A Religious End of Metaphysics? Heidegger, Meillassoux and the Question of Fideism

In Antonio Cimino & Gert-Jan van der Heiden (eds.), Rethinking Faith: Heidegger between Nietzsche and Wittgenstein. New York: Bloomsbury Academic. pp. 39-62 (2016)
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Abstract
The paper analyzes Quentin Meillassoux’s conception of the fideistic approach to religious faith intrinsic to the “strong correlationism” that he considers pervasive in contemporary thought. Backman presents the basic elements of Meillassoux’s speculative materialism and especially the thesis according to which strong correlationism involves a “fideistic” approach to religiosity. In doing so, Backman critically examines Meillassoux’s notions of post-metaphysical faith, religious absolutes, and contemporary fanaticism, especially against the background of Heidegger’s philosophy. According to Backman, Meillassoux’s logical and conceptual critique of strong correlationism is innovative, and it may remain legitimate if its presuppositions are accepted. And yet, Backman argues that Meillassoux’s allegations of fideism seem to rely on the questionable application of Enlightenment conceptions to the contemporary situation.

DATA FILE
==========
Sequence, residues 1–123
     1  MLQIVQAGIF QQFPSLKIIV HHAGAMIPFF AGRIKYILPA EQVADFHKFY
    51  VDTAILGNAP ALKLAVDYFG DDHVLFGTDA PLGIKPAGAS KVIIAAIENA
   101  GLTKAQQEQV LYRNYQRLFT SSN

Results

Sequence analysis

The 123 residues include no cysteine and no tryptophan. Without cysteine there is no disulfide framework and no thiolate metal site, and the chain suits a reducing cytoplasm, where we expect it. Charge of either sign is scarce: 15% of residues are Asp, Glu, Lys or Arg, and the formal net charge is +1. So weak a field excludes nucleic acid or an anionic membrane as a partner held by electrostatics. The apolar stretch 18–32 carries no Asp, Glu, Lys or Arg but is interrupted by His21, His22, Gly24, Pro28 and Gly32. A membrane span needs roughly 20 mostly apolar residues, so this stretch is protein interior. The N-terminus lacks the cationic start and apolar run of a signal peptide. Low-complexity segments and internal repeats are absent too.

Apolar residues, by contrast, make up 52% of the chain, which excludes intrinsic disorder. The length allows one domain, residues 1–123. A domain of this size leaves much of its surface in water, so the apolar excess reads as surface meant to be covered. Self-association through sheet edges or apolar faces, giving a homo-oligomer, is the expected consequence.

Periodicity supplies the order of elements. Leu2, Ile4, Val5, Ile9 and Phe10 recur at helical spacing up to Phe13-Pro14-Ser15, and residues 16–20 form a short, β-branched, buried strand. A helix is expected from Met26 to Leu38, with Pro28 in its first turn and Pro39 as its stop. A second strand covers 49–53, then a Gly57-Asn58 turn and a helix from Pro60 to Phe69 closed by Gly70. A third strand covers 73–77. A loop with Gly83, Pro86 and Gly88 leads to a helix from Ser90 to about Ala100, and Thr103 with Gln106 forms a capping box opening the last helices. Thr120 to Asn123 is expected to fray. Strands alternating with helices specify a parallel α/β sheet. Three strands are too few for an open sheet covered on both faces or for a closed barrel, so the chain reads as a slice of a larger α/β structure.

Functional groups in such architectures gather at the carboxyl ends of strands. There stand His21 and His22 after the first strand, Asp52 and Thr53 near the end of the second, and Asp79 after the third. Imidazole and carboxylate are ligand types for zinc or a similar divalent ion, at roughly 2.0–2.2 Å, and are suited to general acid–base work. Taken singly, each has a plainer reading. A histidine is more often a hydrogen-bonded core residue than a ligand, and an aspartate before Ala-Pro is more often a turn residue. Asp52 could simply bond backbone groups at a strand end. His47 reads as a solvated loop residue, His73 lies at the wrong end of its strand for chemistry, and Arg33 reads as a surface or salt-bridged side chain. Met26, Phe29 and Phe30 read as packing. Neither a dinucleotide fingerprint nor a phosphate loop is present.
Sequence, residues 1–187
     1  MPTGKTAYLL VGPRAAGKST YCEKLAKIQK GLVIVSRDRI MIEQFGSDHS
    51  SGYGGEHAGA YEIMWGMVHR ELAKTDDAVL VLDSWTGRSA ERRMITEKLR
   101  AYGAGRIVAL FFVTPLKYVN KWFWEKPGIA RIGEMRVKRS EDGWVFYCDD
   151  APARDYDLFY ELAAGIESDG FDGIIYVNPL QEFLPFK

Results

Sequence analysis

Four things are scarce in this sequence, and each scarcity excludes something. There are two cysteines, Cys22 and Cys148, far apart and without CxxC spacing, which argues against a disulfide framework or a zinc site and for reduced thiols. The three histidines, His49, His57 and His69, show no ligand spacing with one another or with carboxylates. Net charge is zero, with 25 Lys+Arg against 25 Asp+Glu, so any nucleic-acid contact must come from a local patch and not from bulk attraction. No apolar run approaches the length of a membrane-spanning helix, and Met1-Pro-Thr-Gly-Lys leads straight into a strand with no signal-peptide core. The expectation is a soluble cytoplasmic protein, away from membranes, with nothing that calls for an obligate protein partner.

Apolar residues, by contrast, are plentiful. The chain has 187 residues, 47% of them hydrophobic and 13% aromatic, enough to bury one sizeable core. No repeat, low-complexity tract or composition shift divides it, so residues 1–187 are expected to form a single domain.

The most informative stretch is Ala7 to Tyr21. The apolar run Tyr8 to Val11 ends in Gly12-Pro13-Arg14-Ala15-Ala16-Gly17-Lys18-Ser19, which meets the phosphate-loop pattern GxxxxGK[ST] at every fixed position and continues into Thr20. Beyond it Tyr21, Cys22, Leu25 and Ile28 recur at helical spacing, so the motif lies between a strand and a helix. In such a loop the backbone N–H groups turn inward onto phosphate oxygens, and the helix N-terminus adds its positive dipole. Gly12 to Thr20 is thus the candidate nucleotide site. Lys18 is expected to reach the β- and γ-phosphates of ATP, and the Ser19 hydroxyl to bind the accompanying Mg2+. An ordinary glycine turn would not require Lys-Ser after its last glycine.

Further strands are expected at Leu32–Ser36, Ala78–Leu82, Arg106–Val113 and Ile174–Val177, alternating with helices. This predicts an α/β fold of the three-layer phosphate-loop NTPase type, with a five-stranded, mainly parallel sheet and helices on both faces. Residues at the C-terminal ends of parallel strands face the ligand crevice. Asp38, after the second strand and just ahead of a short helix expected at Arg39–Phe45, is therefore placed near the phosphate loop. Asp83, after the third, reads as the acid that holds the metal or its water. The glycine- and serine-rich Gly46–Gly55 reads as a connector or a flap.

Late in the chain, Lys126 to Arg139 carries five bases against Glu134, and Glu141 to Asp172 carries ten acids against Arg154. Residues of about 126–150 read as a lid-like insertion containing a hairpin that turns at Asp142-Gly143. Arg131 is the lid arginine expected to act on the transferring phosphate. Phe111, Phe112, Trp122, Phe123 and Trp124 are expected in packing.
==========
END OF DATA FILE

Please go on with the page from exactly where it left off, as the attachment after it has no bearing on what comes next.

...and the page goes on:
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Archival date: 2019-10-28
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References found in this work BETA
Practical Philosophy.Kant, Immanuel
Critique of Pure Reason.Schwarz, Wolfgang
Being and Time.Hepburn, Ronald W.; Heidegger, Martin; Macquarrie, John & Robinson, Edward

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